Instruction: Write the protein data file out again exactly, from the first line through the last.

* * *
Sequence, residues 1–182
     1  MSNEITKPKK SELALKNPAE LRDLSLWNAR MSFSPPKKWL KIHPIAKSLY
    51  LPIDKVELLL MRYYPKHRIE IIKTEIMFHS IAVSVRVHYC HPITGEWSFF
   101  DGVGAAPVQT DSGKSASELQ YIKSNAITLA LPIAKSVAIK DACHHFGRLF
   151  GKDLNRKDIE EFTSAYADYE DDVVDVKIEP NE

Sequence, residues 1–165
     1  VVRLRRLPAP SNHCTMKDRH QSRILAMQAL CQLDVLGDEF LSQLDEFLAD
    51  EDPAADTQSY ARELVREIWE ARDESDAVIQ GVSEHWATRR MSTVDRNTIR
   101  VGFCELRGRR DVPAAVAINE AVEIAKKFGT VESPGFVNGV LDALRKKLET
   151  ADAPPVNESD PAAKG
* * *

Sequence, residues 1–182
     1  MSNEITKPKK SELALKNPAE LRDLSLWNAR MSFSPPKKWL KIHPIAKSLY
    51  LPIDKVELLL MRYYPKHRIE IIKTEIMFHS IAVSVRVHYC HPITGEWSFF
   101  DGVGAAPVQT DSGKSASELQ YIKSNAITLA LPIAKSVAIK DACHHFGRLF
   151  GKDLNRKDIE EFTSAYADYE DDVVDVKIEP NE

Sequence, residues 1–165
     1  VVRLRRLPAP SNHCTMKDRH QSRILAMQAL CQLDVLGDEF LSQLDEFLAD
    51  EDPAADTQSY ARELVREIWE ARDESDAVIQ GVSEHWATRR MSTVDRNTIR
   101  VGFCELRGRR DVPAAVAINE AVEIAKKFGT VESPGFVNGV LDALRKKLET
   151  ADAPPVNESD PAAKG